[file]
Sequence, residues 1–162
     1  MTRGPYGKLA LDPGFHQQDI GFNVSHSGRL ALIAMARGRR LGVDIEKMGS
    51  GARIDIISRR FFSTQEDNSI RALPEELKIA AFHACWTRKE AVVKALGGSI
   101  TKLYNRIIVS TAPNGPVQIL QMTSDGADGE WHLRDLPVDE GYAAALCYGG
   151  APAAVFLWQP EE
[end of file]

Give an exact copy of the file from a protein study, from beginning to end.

Sequence, residues 1–162
     1  MTRGPYGKLA LDPGFHQQDI GFNVSHSGRL ALIAMARGRR LGVDIEKMGS
    51  GARIDIISRR FFSTQEDNSI RALPEELKIA AFHACWTRKE AVVKALGGSI
   101  TKLYNRIIVS TAPNGPVQIL QMTSDGADGE WHLRDLPVDE GYAAALCYGG
   151  APAAVFLWQP EE